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East Timor President Forgives Rebel Attackers


East Timor President Jose Ramos Horta has forgiven the rebel leader who nearly killed him last month, in an attack at his home. VOA's Nancy-Amelia Collins reports from Jakarta.

Acting East Timor President Fernando de Araujo says the country's wounded president, Jose Ramos Horta, has forgiven rebel leader Alfredo Reinado and asked the East Timorese people to end the violence in the tiny nation.

Last month, Mr. Ramos Horta was seriously wounded in a Dili attack by rebel soldiers led by Alfredo Reinado, who was killed during the attack.

Mr. Ramos Horta was rushed to Darwin, Australia, for emergency medical treatment. He is now recovering from two bullet wounds to the chest.

Acting President de Araujo says Mr. Ramos Horta's condition has improved greatly, but that he will need more time to fully recover from his wounds.

Mr. De Araujo visited Mr. Ramos Horta in Darwin, during the weekend. He says Mr. Ramos Horta also asked that the government look after the family of dead rebel leader Reinado.

Analysts see Mr. Ramos Horta's announcement of forgiveness as an attempt to encourage rebel soldiers to give themselves up, paving the way for reconciliation.

Sunday, one of the rebel leaders, Amaro da Costa, turned himself in at Turiscai, about 120 kilometers south of Dili.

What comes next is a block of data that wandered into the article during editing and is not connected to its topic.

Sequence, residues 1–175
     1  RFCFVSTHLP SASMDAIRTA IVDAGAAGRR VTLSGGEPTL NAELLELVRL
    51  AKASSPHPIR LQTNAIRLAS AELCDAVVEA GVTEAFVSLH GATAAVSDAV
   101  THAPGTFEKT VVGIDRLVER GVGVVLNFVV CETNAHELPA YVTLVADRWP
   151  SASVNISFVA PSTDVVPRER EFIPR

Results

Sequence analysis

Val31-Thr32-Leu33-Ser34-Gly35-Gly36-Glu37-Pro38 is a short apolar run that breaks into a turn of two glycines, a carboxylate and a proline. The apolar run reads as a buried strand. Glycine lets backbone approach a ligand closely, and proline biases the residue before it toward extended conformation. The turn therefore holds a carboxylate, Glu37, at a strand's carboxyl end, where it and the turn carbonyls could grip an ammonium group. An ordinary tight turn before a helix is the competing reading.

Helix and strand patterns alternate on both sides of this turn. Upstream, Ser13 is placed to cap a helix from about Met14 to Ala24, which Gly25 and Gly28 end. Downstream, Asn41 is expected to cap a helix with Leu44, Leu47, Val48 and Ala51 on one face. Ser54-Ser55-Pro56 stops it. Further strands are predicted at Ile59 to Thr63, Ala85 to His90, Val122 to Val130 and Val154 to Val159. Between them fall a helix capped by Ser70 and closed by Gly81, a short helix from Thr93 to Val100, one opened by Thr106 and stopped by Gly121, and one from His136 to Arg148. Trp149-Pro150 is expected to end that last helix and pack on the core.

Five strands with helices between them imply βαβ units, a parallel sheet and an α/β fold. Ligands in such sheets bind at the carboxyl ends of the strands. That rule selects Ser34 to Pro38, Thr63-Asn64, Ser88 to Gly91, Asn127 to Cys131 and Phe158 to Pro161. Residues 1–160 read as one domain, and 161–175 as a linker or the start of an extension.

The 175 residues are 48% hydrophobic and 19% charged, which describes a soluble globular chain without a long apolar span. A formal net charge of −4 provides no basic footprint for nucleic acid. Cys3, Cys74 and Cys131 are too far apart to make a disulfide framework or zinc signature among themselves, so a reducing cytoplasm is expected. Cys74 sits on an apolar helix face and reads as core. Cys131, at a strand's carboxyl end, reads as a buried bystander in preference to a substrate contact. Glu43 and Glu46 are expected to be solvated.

The head of the task force hunting rebel soldiers, Lieutenant Colonel Filomeno Paixao, says arrest warrants have been issued for 17 people suspected of involvement in the attack, including Gastao Salsinha, who took command of the rebels after the death of Reinado.

Paixao says he has had both direct and indirect contact with Salsinha and hopes the rebel leader will soon surrender.

Prime Minister Xanana Gusmao, who escaped unharmed from a gun attack at the same time Ramos Horta was shot, has also asked the rebels to give themselves up, for the good of the nation.

East Timor remains under a state of emergency, since the February 11 attacks. The United Nations Security Council has extended for another year the mandate for the peacekeeping mission in the country, saying security remains fragile.

The tiny nation was plunged into violence in 2006, after the sacking of 600 soldiers split the military along regional lines.

Fighting between the security forces deteriorated into gang fighting in the streets, forcing more than 150,000 people into makeshift refugee camps, where thousands still remain.

Order was only restored after U.N. peacekeepers, led by Australian troops, were sent to the former Portuguese colony.

East Timor voted for independence from decades of Indonesian rule in a U.N.-sponsored vote in 1999.

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